Morrison Carries the Cussler Torch One Final Time
By J. H. Bográn
In the latest Clive Cussler Oregon Files® novel, MAURAUDER, Juan Cabrillo and the Corporation must stop a terrorist plot to release a deadly chemical weapon across the globe. To do so, they will have to decipher an ancient mystery and thwart the cunning modern enemy who has more than just deadly weapons at their disposal—and there isn’t much time.
In MARAUDER, co-author Boyd Morrison carries the torch one last time for Clive Cussler, who passed away earlier this year. And Morrison says this novel’s origin—his last as co-author—came from several ideas that conflated into another action-adventure plot.
“I’m always trying to dream up things I’ve never done before, and one idea I had was to create a villain who was already dead,” Morrison says. “That produced a great challenge for me: Why would he plan all this mayhem from beyond the grave, and how would he accomplish it? That led to my idea for the chemical weapon that is at the center of the story. And then I had to come up with an origin for this weapon that was tied to the past, which spurred me to come up with the lost Roman legion dealing with their own devastating situation. The story snowballed from there.”
The deceased protagonist goes—or went—by the name of Lu Yang, a fanatical Chinese nationalist who dreams up a twisted legacy for himself, and for which he enrolls his own stepdaughter and her husband—April Jin and Angus Polk. The couple had lost everything, and now Yang provides them a chance to inherit millions, but only if they complete the deadly missions.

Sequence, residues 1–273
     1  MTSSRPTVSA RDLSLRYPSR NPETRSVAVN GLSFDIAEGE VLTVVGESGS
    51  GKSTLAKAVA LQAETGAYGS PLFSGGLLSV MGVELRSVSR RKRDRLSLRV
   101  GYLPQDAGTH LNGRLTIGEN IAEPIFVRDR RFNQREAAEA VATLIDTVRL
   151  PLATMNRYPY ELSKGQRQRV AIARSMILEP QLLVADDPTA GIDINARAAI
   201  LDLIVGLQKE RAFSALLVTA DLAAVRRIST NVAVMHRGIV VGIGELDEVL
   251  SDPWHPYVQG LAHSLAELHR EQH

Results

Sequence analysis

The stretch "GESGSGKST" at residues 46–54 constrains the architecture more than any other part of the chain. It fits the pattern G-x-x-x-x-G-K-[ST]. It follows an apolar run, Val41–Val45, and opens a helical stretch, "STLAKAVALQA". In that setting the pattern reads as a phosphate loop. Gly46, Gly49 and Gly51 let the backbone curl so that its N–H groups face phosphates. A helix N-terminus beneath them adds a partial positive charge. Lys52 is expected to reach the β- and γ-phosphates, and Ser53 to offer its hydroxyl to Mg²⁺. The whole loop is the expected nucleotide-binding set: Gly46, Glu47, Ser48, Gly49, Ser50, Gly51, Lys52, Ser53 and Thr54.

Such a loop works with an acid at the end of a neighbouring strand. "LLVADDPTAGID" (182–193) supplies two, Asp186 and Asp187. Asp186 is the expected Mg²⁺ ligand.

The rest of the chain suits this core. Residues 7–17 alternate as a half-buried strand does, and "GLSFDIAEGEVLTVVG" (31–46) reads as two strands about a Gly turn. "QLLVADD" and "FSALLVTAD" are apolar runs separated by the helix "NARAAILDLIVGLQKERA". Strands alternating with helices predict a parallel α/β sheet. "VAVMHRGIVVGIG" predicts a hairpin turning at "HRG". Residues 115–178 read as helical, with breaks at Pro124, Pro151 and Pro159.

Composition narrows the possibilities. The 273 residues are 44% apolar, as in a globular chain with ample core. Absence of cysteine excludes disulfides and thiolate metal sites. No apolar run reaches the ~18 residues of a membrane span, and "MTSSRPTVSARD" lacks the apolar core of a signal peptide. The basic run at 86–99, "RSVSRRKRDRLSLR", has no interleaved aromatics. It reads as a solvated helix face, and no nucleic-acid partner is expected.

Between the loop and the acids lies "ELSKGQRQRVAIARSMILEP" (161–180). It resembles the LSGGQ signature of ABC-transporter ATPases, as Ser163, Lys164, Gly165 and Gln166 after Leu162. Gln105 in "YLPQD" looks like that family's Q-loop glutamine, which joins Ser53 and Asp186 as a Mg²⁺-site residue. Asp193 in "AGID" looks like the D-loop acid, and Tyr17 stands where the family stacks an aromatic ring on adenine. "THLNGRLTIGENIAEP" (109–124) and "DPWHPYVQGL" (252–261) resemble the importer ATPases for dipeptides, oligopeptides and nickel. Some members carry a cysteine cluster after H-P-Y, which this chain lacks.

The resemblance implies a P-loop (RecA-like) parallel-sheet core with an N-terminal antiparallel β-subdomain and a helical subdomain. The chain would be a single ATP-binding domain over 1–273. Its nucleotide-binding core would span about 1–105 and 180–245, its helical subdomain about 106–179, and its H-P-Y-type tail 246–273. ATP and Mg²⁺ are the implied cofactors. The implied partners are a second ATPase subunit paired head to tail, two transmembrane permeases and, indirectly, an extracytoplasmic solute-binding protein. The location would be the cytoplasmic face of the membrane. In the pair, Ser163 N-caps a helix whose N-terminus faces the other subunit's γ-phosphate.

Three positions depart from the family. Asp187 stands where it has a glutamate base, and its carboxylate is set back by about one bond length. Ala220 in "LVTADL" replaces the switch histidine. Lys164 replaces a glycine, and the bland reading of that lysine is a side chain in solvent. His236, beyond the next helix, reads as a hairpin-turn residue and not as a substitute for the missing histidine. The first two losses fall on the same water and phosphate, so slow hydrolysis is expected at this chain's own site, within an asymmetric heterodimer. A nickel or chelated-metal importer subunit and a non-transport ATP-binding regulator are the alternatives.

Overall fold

To fans of the original MacGyver TV series, the name Angus may ring a bell—at least the ones who watched the last episode.
“The show is one of the greatest adventure series ever made,” the author says. “It wasn’t intended to be a reference to MacGyver, but I like the connection. Maybe it was in the back of my mind. However, Angus Polk is his opposite in every way.”
This time around, the series welcomes two guests that become instrumental to the case at hand, and at least for the duration of the novel, they join the team aboard the Oregon.
“Sylvia Chang was a fun character to write because of her link to the Oregon crew, which I won’t reveal here,” Morrison says. “She’s a brilliant scientist who specializes in plasma physics, so she is instrumental in helping Juan Cabrillo in his fight against the villains. Bob Parsons is a tough retired Marine and hovercraft pilot, and the cover of the book might give a clue as to his involvement.”
Research is an integral part of writing, one that Morrison enjoys because he discovers interesting facts throughout the process—in particular, new technology developments.
“There is technology in the book that may seem like science fiction, but all of it has a basis in scientific research,” he says. “For example, the title of the book comes from an actual experimental project begun at Lawrence Livermore National Laboratory in 1991 that was eventually code-named MARAUDER (Magnetically Accelerated Ring to Achieve Ultrahigh Directed Energy and Radiation). Air Force scientists successfully tested a plasma cannon, which shoots doughnut-shaped projectiles of superheated plasma at hypersonic speeds, and shortly afterward the work was classified secret by the US government. I was shocked to find that a weapon we’ve seen in so many sci-fi movies was developed and tested more than 25 years ago. No information about MARAUDER has been published since 1995, but it’s quite possible that the research continues to this day. Futuristic weapons like rail guns and anti-missile lasers were just as fantastical not so long ago, but both are set to become operational on US Navy ships in the next few years, if they aren’t already.”